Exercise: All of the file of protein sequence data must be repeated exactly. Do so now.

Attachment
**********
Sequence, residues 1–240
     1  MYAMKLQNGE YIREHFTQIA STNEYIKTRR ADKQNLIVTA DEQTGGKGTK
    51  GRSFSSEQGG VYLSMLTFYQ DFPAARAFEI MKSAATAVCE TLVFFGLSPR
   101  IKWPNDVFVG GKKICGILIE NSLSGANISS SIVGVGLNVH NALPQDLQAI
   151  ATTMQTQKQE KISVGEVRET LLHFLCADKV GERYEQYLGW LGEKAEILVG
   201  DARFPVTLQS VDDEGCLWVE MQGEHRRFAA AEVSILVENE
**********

Sequence, residues 1–240
     1  MYAMKLQNGE YIREHFTQIA STNEYIKTRR ADKQNLIVTA DEQTGGKGTK
    51  GRSFSSEQGG VYLSMLTFYQ DFPAARAFEI MKSAATAVCE TLVFFGLSPR
   101  IKWPNDVFVG GKKICGILIE NSLSGANISS SIVGVGLNVH NALPQDLQAI
   151  ATTMQTQKQE KISVGEVRET LLHFLCADKV GERYEQYLGW LGEKAEILVG
   201  DARFPVTLQS VDDEGCLWVE MQGEHRRFAA AEVSILVENE